Untitled, 4×4, oil on canvas, $50.00 Buy Now
It was bound to happen: my most productive day to date, and yet not a whole lot to show for it. I worked on FIVE paintings this morning. I nearly completed a big one I’ve been thinking about. It’s 36×36. But in this, my fourth daily painting challenge, I’ve learned to let things sit for a bit, not be in such a rush to call them “done.”
I’ve started a series of tiny, 4x4in. paintings. I think of them as warm-ups to bigger more elaborate paintings and they are priced as such. Today’s painting is one of those. Once I finalize a few more, I’m going to take a photograph of them all together– I think their impact is more significant as a group rather than individually.
I’m out of stories for now, and as much as I didn’t want to let go of that aspect of this challenge, I think today was so productive precisely because I’d let go. The first half of the month gave me a lot of ideas I wanted to explore. Today I explored several of those ideas, and I didn’t have to fret about making the images work with a certain story. Not all of today’s paintings were successes. But it felt so good to do the work.
The other day I was flipping through my instagram feed and stopped at one of the Humans of New York posts. If you aren’t familiar, it’s a site that posts short stories or thoughts from (mostly) everyday people. The posts are accompanied by a photo. The site explores both simple and complex topics that affect people’s lives–snapshots of being human. It’s worth checking out. The one I read most recently was from President Obama. Regardless of your political leanings, I think you’ll appreciate his answer to the question “When is the time you felt most broken?” He said,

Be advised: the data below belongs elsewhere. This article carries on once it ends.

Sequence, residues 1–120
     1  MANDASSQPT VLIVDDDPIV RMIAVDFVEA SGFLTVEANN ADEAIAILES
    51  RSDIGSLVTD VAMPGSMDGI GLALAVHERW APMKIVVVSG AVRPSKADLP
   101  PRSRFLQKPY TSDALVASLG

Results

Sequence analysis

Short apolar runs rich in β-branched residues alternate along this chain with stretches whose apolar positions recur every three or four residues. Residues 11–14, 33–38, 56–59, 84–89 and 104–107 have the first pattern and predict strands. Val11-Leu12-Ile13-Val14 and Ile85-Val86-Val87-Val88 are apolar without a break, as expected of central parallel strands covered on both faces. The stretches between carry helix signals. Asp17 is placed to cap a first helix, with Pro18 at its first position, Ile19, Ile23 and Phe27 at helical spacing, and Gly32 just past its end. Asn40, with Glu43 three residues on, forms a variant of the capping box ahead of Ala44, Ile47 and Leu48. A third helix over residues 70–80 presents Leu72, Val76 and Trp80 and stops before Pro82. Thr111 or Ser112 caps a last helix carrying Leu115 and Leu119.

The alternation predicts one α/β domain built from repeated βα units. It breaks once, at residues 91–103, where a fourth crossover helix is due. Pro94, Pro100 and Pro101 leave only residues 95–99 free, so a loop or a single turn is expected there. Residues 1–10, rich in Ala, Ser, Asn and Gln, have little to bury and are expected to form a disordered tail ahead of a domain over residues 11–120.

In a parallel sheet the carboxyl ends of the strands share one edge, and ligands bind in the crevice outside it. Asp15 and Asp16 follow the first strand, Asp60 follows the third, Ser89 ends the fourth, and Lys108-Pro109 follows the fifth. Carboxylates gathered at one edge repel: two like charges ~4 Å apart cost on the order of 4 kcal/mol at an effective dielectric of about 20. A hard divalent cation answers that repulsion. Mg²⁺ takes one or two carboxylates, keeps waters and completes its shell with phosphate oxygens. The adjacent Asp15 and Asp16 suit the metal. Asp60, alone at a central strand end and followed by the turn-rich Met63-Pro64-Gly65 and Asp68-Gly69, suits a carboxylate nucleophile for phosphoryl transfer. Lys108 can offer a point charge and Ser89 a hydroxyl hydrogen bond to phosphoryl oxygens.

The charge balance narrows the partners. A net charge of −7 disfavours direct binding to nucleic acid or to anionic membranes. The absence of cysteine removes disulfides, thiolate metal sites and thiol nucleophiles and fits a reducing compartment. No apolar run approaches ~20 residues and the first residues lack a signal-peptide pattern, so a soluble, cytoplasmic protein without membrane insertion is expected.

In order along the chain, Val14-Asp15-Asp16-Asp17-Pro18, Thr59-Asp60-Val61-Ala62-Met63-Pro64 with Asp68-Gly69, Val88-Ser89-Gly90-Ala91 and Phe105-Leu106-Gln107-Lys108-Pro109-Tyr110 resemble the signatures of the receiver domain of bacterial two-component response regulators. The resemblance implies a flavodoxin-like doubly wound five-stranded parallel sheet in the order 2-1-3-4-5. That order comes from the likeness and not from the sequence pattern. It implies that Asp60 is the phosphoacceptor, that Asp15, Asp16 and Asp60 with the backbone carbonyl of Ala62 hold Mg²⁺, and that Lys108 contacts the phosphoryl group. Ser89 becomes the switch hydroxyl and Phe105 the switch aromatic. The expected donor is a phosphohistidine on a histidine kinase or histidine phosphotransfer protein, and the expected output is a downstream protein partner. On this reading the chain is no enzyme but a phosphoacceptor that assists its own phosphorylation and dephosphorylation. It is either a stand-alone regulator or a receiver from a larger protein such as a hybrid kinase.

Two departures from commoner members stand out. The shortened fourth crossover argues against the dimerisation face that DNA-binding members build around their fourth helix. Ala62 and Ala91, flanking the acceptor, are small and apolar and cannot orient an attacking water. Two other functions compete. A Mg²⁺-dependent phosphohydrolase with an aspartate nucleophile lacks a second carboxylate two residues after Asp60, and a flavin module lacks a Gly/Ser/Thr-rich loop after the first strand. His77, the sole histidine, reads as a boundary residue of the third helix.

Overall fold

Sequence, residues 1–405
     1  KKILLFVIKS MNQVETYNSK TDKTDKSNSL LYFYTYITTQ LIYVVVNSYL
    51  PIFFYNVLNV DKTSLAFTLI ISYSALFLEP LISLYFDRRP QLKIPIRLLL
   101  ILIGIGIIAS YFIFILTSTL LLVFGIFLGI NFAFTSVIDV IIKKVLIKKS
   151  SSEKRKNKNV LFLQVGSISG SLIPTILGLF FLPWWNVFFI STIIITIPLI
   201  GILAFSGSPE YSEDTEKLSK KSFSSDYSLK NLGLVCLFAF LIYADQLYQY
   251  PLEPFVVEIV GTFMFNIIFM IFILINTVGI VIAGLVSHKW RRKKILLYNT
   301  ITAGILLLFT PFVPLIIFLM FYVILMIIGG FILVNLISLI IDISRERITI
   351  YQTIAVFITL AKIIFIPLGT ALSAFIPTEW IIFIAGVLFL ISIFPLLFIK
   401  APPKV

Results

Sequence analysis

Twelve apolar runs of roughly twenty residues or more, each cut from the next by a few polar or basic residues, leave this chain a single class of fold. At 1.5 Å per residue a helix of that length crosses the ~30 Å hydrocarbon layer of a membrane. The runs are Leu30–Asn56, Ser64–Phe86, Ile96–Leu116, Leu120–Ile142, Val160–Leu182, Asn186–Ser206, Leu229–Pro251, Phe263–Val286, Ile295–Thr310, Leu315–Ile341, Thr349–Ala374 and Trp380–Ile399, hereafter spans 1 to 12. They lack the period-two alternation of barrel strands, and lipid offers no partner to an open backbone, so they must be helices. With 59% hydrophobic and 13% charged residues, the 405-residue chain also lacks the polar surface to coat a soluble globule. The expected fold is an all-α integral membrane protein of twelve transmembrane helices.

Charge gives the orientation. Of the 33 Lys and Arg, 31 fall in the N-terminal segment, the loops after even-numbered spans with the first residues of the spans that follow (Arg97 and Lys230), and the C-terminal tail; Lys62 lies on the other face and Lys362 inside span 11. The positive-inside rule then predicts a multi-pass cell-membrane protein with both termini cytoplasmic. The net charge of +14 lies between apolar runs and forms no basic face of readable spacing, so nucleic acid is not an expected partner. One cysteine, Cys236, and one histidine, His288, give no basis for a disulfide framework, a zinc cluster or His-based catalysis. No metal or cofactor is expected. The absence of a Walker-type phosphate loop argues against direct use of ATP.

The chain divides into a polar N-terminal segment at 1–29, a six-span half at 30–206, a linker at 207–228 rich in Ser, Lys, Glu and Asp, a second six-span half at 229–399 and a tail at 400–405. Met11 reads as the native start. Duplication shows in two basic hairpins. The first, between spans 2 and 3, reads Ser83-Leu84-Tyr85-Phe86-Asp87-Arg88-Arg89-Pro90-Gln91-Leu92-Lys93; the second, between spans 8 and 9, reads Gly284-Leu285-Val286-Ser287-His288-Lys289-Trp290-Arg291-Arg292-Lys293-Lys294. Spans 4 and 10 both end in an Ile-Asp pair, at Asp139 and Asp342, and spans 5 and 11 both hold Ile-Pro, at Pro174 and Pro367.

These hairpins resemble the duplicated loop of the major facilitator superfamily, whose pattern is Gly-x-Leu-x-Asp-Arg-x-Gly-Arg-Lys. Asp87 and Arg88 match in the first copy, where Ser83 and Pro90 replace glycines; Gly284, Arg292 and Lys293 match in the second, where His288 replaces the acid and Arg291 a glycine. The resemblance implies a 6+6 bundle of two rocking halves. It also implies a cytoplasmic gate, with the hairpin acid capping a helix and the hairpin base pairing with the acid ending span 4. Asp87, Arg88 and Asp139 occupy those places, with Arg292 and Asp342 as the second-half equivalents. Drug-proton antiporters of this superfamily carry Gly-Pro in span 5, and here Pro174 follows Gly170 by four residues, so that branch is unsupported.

“I first ran for Congress in 1999, and I got beat. I just got whooped. I had been in the state legislature for a long time, I was in the minority party, I wasn’t getting a lot done, and I was away from my family and putting a lot of strain on Michelle. Then for me to run and lose that bad, I was thinking maybe this isn’t what I was cut out to do. I was forty years old, and I’d invested a lot of time and effort into something that didn’t seem to be working. But the thing that got me through that moment, and any other time that I’ve felt stuck, is to remind myself that it’s about the work. Because if you’re worrying about yourself—if you’re thinking: ‘Am I succeeding? Am I in the right position? Am I being appreciated?’ – then you’re going to end up feeling frustrated and stuck. But if you can keep it about the work, you’ll always have a path. There’s always something to be done.”
I’ve known my fair share of frustrated and stuck. But today was, and hopefully tomorrow will be all about the work. It has indeed given me a path. And since the work is never done, the path never ends.